In previous articles we have seen that our adoption as the children of God is predestinated from eternity by God the Father and prepared and sealed in time through the work of Christ, the First-begotten Son. Now we turn to the third phase in the revelation of the wonder of our Sonship, the work of the Holy Spirit as the Spirit of adoption. It is through the Spirit of adoption that the adoption of sons is possessed by the children of God. 

We must understand, of course, that our emphasis on the Spirit in this aspect of our adoption does not mean that the Holy Spirit is not active in the predestination or preparation of our sonship. We know that also election is of the Father, through the Son, and by the Holy Spirit; and Hebrews 9:14 tells us that it was “through the eternal Spirit” that Christ offered Himself in our behalf. Nevertheless, it is in the application of adoption that the work of the Spirit stands on the foreground. 

In the application of adoption the Spirit gives to us the blessings and benefits of sonship that are earned for us through Christ’s bloody sacrifice and sealed to us in His resurrection. The result of the work of the Spirit, then, is that we come into conscious possession of our sonship, have the assurance of an incorruptible inheritance, and receive the calling to live as sons of God in a wicked world. 

The importance of this work of the Spirit is clearly seen by returning to the earthly picture for a moment. When we adopt a child we do not leave that child at the adoption agency but we take him to our home and into our own life, otherwise he would never know anything of his sonship, nor would he profit one whit from his adoption. The work of Christ on the cross lays the legal basis for our sonship, but does not deliver us from the house of the devil. It is through the Spirit that we are received into the family of God and are made partakers of all the goodness of His house. 

This work of the Spirit also teaches us once again that here, too, our sonship is a great work of God. It is so great and so wonderful that only God Who planned it and prepared it can give it to us, enable us to understand it, and fill us with the assurance that we are and forever shall remain His dear children.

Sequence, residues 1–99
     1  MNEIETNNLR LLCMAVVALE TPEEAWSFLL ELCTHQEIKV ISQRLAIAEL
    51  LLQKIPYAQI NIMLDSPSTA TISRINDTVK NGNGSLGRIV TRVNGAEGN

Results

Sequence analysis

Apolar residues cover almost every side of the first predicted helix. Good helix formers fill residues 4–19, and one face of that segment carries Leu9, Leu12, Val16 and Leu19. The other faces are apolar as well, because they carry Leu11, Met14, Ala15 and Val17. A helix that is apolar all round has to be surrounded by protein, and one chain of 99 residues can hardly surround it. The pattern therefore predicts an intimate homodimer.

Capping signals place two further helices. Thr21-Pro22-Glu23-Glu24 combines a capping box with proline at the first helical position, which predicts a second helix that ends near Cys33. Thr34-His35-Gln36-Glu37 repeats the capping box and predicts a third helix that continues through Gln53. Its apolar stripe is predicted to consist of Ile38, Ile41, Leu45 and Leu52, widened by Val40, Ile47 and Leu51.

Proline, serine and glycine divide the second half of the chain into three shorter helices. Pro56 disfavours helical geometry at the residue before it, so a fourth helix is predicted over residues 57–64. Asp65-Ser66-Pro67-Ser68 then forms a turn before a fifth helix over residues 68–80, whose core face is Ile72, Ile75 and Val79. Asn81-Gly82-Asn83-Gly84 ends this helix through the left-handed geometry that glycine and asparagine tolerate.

The work of the Spirit as the Spirit of adoption was revealed prophetically already in the Old Testament. InIsaiah 44:3-5 the prophet says:

For I will pour water upon him that is thirsty, and floods upon the dry ground: I will pour My Spirit upon thy seed, and My blessing upon thine offspring: and they shall spring up as among the grass, as willows by the water courses. One shall say, I am the Lord’s; and another shall call himself by the name of Jacob; and another shall subscribe with his hand unto the Lord, and surname himself by the name of Israel.

Notice two things in connection with this remarkable passage: first, that through the Spirit the children actually “spring up” as living plants in a barren land; and secondly, that for these children this involves a new consciousness of their sonship so that they begin to call themselves by the names of God’s children, “Jacob” and “Israel.” 

From this prophecy of Isaiah we see, therefore, something that is more clearly revealed in the New Testament, that the work of the Spirit of adoption has two aspects: the bringing forth of sons, and the giving of the assurance of adoption. There are several New Testament passages which speak of this twofold work of the Spirit, notably II Corinthians 3:18 and Galatians 4:6, 7

The first work of the Spirit of adoption, therefore, is the bringing forth of sons. This is a very great miracle. When we adopt children and take them into our homes and hearts, for all the love we show those children, they never become our own flesh and blood. The great wonder of our adoption as God’s children is that we are reborn as the sons and daughters of the living God. The result of this spiritual rebirth or regeneration is that we, in a creaturely way, reflect the nature and glories of our heavenly Father and of His Only Begotten Son. 

In Romans 8:29 this work of the Spirit is mentioned. There we are reminded that the purpose of God in predestination is “that we should be conformed to the image of His Son, that He might be the firstborn among many brethren.” In II Corinthians 3:18 Paul specifically mentions the Spirit, in this connection when he says that “we all, with open face beholding as in a glass the glory of the Lord, are changed into the same image (that of the Lord’s glory, R.H.) from glory to glory, even as by the Spirit of the Lord.” Peter says that there “are given unto us exceeding great and precious promises: that by these ye might be partakers of the divine nature” (II Peter 1:4; cf. also John 1:10-13, 3:13-18II Cor. 5:17I Peter 1:23I John 3:9, etc.).